WACC-SIGNIS European TV festival honours film portraying courageous monks who embrace change
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WACC-SIGNIS European TV festival honours film portraying courageous monks who embrace change

Prize winners at the 19th European Television Festival of Religious Programmes Photo: Jean-Luc Gadreau

A television film dealing with how eight Dutch monks remaining in a monastery originally built for 120 decided to move to Schiermonnikoog, an island in the north of the Netherlands, has been awarded the prize of the international jury at the 19th European Television Festival of Religious Programmes in Paris.

With “well-chosen characters, it addresses universal topics: the courage of accepting and embracing change, trusting the future … and a documentary style based on emotional visuals,” said the president of the jury, Bojidar Manov (Bulgaria) announcing the prizes on 16 June at the end of the three-day festival.

Schiermonnikoog (The Island of the Monks), written and directed by Anne-Christine Girardot for the Dutch KRO-NCRV network, portrays eight monks left in the Sion monastery as they contemplate that their community may cease to exist. They instead decide to move to Schiermonnikoog, whose name means Island of the Grey Monks. More than 500 years ago, before the Reformation, novices worked on the island in their grey habits, but the eight monks are confronted by turmoil, doubts and fear as they leave their long-established community for a new future.

The television festival is organised by the European sections of the World Association for Christian Communication (WACC) and the World Catholic Association for Communication (SIGNIS). It has taken place about every three years since the first such festival in Monte Carlo in 1969, with the 2017 event hosted by the television service of the Protestant Federation of France (FPF) and the Roman Catholic CFRT (Comité Français de Radio-Télévision), which produce religious programming for the main France 2 channel of French public broadcaster France Télévisions. Altogether 29 television programmes were selected for the festival.

At a reception at the headquarters of France Télévisions on the opening evening, 14 June, the executive director of France 2, Caroline Got, outlined the way in which the broadcaster transmits programmes reflecting the main religious traditions in France. The French policy of secular laïctité does not mean the negation of religion, she said, but respect for all religions. Responding, FPF President François Clavairoly described religion as “a source and a resource – intelligent, symbolic, civilizational and foundational – that helps us to live together in society. Religious programmes therefore concern and affect the whole of society.”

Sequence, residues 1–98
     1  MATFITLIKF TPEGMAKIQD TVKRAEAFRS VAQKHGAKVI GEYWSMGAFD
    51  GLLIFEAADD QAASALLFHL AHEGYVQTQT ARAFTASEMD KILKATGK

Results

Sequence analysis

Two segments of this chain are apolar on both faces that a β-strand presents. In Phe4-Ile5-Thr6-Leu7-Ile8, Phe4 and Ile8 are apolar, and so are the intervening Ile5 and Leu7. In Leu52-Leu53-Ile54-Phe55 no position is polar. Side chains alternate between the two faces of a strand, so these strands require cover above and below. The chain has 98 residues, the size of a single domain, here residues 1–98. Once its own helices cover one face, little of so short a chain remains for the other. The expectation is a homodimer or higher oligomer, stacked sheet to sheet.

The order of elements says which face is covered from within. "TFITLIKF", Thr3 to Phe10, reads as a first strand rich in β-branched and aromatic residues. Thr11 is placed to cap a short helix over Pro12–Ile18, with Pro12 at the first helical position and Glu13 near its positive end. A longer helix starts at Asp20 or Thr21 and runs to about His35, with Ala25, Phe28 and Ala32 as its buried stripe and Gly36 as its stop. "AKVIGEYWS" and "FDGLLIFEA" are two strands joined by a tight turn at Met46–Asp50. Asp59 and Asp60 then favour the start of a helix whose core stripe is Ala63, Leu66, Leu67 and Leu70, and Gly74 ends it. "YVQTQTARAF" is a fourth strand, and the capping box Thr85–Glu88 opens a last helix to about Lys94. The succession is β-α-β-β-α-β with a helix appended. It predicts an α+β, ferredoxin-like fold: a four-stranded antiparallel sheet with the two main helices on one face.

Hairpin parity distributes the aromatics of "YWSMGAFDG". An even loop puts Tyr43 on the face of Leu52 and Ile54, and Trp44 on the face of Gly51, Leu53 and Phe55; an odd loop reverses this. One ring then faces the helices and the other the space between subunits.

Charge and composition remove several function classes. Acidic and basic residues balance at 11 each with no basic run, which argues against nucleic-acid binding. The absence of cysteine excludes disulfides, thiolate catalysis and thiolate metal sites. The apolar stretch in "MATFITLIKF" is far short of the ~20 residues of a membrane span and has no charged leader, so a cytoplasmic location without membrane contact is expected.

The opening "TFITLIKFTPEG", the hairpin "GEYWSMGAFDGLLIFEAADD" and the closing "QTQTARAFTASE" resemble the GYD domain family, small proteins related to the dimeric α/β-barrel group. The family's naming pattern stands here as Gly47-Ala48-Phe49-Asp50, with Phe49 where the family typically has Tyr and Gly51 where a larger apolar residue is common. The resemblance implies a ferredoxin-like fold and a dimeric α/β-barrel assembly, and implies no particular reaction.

The festival prize for innovation went to the Finnish Broadcasting Company and the communication centre of the Evangelical Lutheran Church of Finland for a four-minute programme Pisara (Droplet).  The programme portrays a ceramic artist, Elisa Isoniemi, in one of a series presenting portraits of people who select a Bible passage and explain why this text is important to them – “an innovative way to communicate an image of God,” according to the jury, ”and powerful in its short form.”

A special mention went to the documentary Un autre chemin (Another Path), which portrays a US mother, Agnes, whose daughter and grandson have been killed by the daughter’s ex-boyfriend Leonard, now serving life imprisonment in a Florida prison. The documentary, by Chloé Henry-Biabaud and Isabelle Vayron de La Moureyre, made for Présence Protestante of the FPF television service, recounts how Agnes starts writing to Leonard, the beginning of a long correspondence in which Agnes and Leonard finally become committed to a vision of restorative justice.

“This film brings up two of the most important values of our broken society, reconciliation and restorative justice,” the jury said in its decision.

The audience prize went to Ma Femme est Pasteure (My Wife’s a Pastor), a Swiss web comedy series about an agnostic husband trying to get to grips with his wife who has become a Protestant pastor – played by Victor and Carolina Costa, who are, in real life, an actor and a pastor.

Alongside Bojidar Manov, the jury was made up of Praxedis Bouwman (Netherlands), Théo Péporté (Luxembourg), Florin-Ioan Silaghi (Romania) and Meelis Süld (Estonia).

Stephen Brown is president of WACC Europe and treasurer of WACC global.




1 Comment
  • Jan Ebben
    Posted at 18:57h, 14 February

    I really enjoyed this documentary, it opened my mind to a different world. It had new meaning toward what my upbringing was of what a Monk is. I found myself excited for and with them to discover a new path.